As it progressed, the phrases were being joined into the whole performance. There were times to study the position of each participant in the performance. There were times to look at the transitions between phrases. Doing these also mean refining the steps to fit the flow of the whole performance.

Overall, the Crossover experiment took a step-by-step and bottom-up approach in making the whole dance routine. Since participants experimented the steps, they all had contributed to the whole routine.

Role playing

In Crossover 2.0, participants were not always students. Each person had a chance to learn a solo jazz move, and tried to teach to other people. As an additional challenge, there was one occasion where no speaking was allowed for teaching, which was probably one of my favorite parts of the Crossover 2.0.

Somehow, I felt that this fits with jazz and swing again -- to improvise is to create, and we cannot always follow someone's steps in doing things in order to create. We were already used to spoon-feeding at school when we were young, and we are old enough to learn how to use what we learned to pass down to new people. Thus, besides the traditional passive learning mode of the steps and routines, the Crossover 2.0 also tried to give the idea that everyone could be an active leader in a swing scene at some point. You feel that you are just a beginner in dancing? Well, there are always first-timers that you know more than them. Thus, we all should learn how to teach.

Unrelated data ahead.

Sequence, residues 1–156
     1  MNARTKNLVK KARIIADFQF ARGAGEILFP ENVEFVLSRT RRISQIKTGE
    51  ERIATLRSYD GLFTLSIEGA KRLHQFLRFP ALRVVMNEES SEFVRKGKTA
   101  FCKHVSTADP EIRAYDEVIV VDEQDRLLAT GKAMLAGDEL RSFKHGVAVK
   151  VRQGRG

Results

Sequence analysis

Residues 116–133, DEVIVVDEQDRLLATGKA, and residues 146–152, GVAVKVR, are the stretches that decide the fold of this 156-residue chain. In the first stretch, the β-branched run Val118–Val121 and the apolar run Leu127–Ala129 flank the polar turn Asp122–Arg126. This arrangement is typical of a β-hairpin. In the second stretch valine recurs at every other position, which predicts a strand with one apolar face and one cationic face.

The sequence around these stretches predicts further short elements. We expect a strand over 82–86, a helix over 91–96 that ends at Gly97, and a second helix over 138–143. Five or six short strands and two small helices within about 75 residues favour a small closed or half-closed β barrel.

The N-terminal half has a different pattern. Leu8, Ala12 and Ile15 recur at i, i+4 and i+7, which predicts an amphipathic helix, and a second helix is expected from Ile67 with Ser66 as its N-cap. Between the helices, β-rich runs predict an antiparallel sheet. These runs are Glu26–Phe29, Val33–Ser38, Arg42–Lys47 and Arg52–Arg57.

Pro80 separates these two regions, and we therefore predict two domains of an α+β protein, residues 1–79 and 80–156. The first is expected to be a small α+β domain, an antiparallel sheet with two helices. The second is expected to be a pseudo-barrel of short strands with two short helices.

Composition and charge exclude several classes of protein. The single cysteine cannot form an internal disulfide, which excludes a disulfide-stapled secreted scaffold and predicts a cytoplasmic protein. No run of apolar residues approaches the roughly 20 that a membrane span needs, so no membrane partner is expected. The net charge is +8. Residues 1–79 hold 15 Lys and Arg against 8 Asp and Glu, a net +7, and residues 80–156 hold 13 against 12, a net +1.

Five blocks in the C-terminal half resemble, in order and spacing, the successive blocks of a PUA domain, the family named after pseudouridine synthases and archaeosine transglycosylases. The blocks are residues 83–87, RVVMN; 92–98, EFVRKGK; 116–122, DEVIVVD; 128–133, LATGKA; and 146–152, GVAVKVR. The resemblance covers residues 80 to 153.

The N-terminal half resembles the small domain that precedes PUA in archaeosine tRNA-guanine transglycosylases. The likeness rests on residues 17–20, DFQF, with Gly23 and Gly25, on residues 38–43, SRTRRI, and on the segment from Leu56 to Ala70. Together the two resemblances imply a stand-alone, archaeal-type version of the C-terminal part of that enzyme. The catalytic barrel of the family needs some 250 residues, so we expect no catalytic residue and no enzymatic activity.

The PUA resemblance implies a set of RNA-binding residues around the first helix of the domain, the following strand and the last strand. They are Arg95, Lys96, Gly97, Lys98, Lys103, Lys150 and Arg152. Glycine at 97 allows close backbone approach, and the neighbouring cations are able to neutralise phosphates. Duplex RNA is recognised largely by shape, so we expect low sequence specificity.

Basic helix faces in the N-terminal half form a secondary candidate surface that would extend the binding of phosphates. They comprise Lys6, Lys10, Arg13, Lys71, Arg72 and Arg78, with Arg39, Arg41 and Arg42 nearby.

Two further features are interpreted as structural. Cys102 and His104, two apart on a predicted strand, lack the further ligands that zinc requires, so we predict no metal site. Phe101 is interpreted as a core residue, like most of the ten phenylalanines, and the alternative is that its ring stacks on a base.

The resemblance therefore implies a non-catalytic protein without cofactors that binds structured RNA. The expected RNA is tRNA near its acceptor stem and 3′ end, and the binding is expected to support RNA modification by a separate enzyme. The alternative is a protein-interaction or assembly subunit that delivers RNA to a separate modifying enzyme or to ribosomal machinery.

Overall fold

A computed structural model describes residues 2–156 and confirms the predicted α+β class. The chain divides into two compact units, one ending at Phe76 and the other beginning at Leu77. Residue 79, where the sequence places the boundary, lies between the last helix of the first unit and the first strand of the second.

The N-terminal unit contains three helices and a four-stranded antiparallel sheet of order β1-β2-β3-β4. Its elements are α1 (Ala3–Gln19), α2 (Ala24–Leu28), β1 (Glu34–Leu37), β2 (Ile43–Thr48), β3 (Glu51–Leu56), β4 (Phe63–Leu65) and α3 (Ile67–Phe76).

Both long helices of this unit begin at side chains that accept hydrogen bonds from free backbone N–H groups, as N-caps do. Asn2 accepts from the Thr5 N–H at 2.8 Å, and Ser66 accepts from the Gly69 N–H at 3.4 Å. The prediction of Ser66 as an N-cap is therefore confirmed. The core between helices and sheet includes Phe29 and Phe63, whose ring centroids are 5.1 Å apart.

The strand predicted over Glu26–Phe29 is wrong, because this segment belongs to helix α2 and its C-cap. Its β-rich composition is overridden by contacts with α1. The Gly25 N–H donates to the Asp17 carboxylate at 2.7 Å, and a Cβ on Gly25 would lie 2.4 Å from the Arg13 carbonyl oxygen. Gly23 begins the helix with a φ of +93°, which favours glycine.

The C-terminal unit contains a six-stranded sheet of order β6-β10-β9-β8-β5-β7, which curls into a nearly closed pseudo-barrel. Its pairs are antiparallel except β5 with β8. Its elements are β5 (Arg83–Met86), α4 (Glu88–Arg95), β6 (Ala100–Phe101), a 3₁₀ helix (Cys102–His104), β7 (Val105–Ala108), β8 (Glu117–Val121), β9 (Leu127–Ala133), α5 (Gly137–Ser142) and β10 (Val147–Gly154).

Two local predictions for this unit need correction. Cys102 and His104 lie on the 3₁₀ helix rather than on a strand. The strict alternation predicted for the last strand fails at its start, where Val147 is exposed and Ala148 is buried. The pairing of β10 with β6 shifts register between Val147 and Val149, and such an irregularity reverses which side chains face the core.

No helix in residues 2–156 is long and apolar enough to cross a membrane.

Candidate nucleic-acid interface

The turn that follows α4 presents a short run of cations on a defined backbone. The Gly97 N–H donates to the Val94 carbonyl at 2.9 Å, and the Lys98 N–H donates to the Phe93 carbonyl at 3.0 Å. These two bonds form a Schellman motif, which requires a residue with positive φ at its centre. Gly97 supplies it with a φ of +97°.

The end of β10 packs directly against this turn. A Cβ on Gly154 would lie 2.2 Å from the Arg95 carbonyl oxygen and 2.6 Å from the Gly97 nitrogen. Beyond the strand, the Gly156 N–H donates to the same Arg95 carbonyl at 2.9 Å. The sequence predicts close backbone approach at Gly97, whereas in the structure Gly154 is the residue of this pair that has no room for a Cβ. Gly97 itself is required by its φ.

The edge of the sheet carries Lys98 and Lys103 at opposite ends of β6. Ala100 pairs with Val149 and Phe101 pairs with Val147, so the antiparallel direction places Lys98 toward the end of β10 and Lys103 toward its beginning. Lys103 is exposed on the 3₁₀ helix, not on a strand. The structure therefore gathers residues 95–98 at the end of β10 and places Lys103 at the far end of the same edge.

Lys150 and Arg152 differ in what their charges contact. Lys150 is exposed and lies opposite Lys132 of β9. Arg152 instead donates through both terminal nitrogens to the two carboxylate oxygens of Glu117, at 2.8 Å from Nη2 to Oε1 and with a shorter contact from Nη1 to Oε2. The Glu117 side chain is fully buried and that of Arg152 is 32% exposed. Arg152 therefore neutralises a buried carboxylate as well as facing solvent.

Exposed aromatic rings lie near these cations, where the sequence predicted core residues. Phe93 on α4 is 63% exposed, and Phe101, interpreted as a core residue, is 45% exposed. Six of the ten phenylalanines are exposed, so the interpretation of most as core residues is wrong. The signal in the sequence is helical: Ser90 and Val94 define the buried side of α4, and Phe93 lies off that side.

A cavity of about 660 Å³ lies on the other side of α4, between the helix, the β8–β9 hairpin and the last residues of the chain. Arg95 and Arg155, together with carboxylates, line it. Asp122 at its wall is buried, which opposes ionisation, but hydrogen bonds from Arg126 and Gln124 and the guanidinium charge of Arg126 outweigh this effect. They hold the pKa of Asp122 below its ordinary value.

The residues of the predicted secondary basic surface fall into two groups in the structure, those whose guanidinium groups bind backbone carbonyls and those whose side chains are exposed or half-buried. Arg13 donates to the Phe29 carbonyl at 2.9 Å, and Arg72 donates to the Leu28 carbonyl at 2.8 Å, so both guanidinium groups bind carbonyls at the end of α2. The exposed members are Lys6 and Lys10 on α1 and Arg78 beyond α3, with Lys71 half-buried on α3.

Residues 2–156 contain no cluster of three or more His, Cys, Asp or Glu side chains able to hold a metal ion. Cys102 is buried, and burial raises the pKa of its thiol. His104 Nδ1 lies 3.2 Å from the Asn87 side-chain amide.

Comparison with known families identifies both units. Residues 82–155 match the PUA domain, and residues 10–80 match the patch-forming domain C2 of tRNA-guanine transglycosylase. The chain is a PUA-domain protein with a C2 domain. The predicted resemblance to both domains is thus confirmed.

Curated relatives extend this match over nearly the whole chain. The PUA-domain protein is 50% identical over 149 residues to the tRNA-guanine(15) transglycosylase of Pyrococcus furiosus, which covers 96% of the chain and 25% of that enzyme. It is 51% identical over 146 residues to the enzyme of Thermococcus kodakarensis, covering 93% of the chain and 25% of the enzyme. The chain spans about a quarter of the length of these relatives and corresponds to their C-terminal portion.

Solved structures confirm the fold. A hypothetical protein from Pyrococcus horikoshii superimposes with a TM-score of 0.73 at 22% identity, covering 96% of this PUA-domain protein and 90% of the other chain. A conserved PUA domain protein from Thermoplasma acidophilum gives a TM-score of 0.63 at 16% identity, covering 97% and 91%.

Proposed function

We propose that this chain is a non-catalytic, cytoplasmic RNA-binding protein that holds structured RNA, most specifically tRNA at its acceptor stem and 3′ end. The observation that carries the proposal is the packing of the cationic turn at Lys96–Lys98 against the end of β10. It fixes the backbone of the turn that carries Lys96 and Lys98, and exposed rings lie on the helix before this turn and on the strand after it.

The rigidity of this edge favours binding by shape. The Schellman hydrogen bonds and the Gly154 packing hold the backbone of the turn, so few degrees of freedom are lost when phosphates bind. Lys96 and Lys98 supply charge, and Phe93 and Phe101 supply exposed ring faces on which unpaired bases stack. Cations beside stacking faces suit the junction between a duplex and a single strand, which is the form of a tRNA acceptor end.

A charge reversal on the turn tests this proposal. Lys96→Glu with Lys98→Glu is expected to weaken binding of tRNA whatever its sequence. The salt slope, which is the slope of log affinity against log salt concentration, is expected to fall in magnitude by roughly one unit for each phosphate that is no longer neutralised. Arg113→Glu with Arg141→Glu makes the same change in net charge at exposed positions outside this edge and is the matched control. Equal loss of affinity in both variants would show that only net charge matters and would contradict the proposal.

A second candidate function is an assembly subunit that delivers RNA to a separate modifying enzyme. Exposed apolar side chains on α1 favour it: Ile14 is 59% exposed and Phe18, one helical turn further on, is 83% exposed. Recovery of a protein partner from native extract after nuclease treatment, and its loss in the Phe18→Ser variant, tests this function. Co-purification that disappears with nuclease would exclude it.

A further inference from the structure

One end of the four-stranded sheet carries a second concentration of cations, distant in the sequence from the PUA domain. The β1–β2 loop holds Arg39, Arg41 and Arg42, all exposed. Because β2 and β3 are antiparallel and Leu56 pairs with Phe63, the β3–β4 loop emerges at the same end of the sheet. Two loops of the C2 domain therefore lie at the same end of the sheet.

Another role play moment was to be the stage coordinator. You sat at the center of the stage, facing the group of people that you know, who would present part of the performance to you. Could you give one feedback on what did well, and one feedback on what could be improved? It is rare for the participants to see the performance as a whole because we are so focused on doing our own steps right.

This is quite rare to see in a dance class -- about teaching how we can teach the others.

Team building

In Crossover 2.0, the participants were in a wide range of dance levels. Some were beginners. For this group, as long as the participants could commit to come every week, anyone could join at the beginning of the session.

Perhaps there were more small group exercises; perhaps the dance routine resulted in interacting with different participants at different parts; perhaps people know more to each other before joining; perhaps we committed to the schedule of the sessions; it seems to me that the participants in this group are closer to each other. After the performance, someone said they felt empty on not having this Crossover 2.0 anymore.

While there are friendship on the other side also, it seems to me that the relationships are more to the individual pairs, rather than as a whole group.


The Crossover 2.0 just gave one performance to the public and no more, while the other already gave three and might have one more. I was also not sure which dance routine looked better. Yet, I am sure that Crossover 2.0 is more fun to be in. The main point is the processes that lead to the final product, and not the final product itself. If there is a Crossover 3.0, I am in. I would also recommend other beginners to join.

Crossover 3.0, we will be back.